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    • "Studies have shown that exclusive breastfeeding i.e. giving the infant breast milk only and no other liquids or solids for the first six months of life, reduces the rate of MTCT to less than one fourth compared to mixed feeding [14-16] and HIV free survival of the infants [17]. Exclusive breastfeeding by mothers is a challenge to adhere to during the first six months for most women and therefore predisposed the infant to the risk of HIV infection especially for mothers that have responsibilities that take them away from their children during the day. "
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    ABSTRACT: Zimbabwe is one of the five countries worst affected by the HIV/AIDS pandemic with HIV infection contributing increasingly to childhood morbidity and mortality. Among the children born to HIV positive mothers participating in the PMTCT programme, 25% tested positive to HIV. We investigated factors associated with HIV infection among children born to mothers on the PMTCT programme. A 1:1 unmatched case-control study was conducted at Chitungwiza Hospital, Zimbabwe, 2008. A case was defined as a child who tested HIV positive, born to a mother who had been on PMTCT programme. A control was a HIV negative child born to a mother who had been on PMTCT programme. An interviewer-administered questionnaire was used to collect data on demographic characteristics, risk factors associated with HIV infection and immunization status. A total of 120 mothers were interviewed. Independent risk factors associated with HIV infection among children included maternal CD4 count of less than 200 during pregnancy [aOR = 7.1, 95% CI (2.6-17)], mixed feeding [aOR = 29, 95% CI (4.2-208)], being hospitalized since birth [aOR = 2.9, 95% CI (1.2-4.8)] whilst being exclusively breast fed for less than 6 months [aOR = 0.1 (95% CI 0.03-0.4)] was protective. HIV infection among children increased if the mother's CD4 count was <=200 cells/muL and if the child was exposed to mixed feeding. Breastfeeding exclusively for less than six months was protective. We recommended exclusive breast feeding period for the first six months and stop breast feeding after 6 months if affordable, sustainable and safe.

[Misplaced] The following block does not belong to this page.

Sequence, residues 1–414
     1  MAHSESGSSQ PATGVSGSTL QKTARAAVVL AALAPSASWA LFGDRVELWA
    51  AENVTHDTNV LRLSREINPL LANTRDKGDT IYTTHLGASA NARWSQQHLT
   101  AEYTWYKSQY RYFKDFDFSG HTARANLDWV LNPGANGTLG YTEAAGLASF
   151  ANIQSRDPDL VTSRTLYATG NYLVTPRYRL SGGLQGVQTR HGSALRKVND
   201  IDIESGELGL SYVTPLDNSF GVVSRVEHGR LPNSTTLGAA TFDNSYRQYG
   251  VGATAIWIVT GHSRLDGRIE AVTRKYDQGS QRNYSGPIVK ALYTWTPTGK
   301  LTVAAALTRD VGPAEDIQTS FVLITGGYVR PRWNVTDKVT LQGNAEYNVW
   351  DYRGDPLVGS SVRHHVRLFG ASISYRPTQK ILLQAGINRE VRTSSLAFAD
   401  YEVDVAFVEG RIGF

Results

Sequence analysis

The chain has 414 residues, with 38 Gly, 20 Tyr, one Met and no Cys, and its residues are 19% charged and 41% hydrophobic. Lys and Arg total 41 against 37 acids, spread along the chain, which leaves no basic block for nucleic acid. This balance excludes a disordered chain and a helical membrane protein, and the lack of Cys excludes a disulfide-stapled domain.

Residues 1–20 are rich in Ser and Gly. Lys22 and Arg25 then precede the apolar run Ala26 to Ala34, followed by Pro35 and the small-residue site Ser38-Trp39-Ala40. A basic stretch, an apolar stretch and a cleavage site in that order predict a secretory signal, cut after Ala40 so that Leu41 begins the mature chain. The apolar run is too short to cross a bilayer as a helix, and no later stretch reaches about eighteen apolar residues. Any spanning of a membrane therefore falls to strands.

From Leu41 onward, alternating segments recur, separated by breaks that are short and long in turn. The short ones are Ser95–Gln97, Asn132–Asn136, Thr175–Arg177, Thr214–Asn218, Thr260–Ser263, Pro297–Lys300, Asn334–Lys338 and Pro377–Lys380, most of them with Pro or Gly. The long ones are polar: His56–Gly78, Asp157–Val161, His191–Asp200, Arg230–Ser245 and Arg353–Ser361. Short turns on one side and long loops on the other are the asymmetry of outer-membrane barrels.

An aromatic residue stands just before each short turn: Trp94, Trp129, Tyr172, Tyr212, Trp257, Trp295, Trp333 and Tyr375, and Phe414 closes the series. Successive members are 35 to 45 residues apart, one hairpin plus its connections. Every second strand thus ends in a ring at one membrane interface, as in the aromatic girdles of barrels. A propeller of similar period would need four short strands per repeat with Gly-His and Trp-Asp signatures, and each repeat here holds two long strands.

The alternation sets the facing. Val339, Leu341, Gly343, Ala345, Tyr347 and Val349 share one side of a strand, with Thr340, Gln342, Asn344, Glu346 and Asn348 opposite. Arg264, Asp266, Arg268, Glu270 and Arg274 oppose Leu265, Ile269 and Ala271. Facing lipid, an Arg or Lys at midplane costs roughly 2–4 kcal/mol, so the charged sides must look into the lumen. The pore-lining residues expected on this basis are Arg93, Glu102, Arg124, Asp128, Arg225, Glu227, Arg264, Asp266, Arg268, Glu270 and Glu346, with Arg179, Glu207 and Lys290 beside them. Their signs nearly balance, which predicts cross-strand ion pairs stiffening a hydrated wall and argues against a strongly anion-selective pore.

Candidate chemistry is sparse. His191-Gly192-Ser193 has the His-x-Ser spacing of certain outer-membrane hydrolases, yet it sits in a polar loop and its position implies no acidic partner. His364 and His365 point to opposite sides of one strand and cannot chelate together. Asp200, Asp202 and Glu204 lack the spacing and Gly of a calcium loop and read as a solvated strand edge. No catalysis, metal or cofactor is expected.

BMC Public Health 12/2013; 13(1):1181. DOI:10.1186/1471-2458-13-1181 · 2.26 Impact Factor